Elephant slaughter: Blame the kill on African governments’ dysfunction

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A new study by the National Academy of Sciences warns that the rate of illegal slaughter of African elephants, permitted by African governments and fueled by the market for ivory in China and Asian countries, could lead to the extermination of the animal in the wild within a few years.

Africa’s elephant population is about 400,000. The study reports that 100,000 were killed between 2010 and 2012 and that the rate of illegal killing has jumped by 25 percent in the past decade. That means that, absent meaningful steps to curb the poaching, most African elephants could be gone from the Earth early in the next decade.

The rising standard of living of Chinese and other Asians and their ability to pay Africans ever-rising prices for ivory is one source of the problem. A second is the unwillingness or inability of most governments in African countries with elephants to protect them. The Chinese and other dealers offer Africans large amounts of money to look the other way or to collaborate on poaching and transporting the elephants’ tusks.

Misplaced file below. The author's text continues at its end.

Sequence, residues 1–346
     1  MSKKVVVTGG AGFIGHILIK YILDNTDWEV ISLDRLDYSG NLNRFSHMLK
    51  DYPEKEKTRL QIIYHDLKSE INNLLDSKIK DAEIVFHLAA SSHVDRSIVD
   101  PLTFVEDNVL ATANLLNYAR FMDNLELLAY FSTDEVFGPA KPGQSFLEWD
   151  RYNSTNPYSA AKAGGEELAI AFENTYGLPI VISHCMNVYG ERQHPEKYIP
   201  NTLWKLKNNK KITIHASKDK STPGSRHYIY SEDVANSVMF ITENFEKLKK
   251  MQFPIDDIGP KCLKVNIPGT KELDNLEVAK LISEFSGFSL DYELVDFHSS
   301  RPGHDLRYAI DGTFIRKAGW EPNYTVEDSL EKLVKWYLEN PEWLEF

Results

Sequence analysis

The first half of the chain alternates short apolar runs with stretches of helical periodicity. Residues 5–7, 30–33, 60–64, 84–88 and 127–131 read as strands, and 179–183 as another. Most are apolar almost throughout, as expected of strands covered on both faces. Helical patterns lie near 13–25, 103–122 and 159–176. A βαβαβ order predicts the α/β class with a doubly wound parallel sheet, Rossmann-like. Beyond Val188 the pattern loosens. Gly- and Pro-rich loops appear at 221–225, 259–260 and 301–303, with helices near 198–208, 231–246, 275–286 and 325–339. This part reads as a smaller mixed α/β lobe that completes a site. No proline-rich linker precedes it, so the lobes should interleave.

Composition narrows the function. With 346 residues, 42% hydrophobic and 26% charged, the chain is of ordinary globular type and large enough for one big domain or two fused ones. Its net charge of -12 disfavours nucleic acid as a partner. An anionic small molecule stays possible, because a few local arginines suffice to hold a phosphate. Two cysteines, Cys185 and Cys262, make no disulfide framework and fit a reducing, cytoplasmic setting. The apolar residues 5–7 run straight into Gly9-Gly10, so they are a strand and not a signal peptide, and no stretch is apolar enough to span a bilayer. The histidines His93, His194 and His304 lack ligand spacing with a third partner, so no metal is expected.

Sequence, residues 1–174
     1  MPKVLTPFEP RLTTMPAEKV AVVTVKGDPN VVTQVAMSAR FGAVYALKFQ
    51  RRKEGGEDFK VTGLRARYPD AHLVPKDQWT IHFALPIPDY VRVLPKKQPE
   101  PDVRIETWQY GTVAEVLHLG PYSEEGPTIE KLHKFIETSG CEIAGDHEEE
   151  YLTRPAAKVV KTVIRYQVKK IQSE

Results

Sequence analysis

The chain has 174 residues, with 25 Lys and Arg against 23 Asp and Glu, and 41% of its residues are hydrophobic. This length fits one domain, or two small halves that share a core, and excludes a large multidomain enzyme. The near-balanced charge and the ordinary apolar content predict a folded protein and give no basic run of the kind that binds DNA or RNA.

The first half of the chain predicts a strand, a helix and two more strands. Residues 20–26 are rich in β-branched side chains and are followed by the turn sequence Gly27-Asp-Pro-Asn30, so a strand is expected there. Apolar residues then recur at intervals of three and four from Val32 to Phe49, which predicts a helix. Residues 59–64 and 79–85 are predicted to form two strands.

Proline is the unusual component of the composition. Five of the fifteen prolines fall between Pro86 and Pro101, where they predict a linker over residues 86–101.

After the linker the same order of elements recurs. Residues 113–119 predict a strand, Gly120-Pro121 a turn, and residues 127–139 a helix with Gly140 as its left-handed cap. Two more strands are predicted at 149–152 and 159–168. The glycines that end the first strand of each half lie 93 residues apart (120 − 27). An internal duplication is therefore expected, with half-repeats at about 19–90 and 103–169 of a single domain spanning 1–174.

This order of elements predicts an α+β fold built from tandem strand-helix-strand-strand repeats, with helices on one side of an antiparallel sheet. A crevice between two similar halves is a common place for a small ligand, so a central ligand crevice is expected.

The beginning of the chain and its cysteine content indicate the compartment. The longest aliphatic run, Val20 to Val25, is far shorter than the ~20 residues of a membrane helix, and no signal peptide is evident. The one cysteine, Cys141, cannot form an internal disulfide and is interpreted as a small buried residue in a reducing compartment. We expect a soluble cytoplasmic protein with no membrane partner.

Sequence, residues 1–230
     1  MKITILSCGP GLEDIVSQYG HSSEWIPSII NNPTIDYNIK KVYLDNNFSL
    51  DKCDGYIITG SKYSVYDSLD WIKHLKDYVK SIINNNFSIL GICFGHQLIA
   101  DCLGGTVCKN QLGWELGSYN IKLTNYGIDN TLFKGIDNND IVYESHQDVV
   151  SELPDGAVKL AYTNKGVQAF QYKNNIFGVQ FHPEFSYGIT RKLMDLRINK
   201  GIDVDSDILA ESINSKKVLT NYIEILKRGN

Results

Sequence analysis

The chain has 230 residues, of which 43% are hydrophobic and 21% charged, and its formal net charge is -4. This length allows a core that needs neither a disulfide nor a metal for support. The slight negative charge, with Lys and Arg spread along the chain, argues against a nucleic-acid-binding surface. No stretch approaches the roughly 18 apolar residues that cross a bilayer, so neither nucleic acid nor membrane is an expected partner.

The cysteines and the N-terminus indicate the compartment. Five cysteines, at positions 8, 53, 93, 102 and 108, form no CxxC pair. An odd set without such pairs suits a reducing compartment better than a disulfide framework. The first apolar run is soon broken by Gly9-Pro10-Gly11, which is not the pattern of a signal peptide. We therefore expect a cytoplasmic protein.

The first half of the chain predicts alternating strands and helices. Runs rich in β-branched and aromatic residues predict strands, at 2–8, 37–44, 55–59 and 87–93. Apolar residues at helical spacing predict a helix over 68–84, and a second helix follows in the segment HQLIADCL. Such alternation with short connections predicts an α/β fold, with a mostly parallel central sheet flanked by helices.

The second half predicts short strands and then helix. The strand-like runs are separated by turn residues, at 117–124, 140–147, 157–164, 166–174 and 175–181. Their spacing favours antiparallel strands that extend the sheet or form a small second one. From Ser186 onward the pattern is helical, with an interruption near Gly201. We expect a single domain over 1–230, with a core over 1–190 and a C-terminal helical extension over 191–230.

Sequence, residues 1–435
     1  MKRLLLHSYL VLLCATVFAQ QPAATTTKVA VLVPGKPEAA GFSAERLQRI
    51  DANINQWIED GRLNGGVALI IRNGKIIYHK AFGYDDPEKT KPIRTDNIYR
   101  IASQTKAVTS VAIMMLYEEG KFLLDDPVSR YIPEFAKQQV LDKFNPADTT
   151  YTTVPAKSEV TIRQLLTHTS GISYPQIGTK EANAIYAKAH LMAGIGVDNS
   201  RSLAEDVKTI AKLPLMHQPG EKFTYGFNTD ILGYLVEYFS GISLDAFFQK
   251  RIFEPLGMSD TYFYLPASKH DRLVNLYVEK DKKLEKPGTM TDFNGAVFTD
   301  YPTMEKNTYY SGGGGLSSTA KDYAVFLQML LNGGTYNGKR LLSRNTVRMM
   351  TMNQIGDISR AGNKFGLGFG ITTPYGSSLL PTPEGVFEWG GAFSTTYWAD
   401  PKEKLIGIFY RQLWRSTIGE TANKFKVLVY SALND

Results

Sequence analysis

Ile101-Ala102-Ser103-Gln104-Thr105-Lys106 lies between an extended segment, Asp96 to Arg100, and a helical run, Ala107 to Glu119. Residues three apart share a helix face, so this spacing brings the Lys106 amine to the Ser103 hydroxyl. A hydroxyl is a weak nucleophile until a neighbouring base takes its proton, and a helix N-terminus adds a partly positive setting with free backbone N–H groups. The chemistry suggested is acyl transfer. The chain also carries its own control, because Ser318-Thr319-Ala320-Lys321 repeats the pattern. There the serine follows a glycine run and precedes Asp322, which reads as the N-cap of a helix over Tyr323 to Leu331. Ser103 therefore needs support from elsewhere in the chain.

This chaotic state of governance has also been demonstrated in the proliferation of the deadly Ebola virus. The disease, which has re-emerged in the Democratic Republic of the Congo while spreading through Guinea, Liberia, Nigeria and Sierra Leone, has revealed the inadequate state of health care in various African countries. The leaders of these countries have diverted resources from building up the necessary medical systems, education and infrastructure in favor of wars and corruption, with now catastrophic results.

The Ebola epidemic, with its tragic human consequences, is a more horrible result of the leaders’ inability to govern, but the progressive extermination of the African elephant, unless halted immediately, will be another serious blot on their record of irresponsibility.

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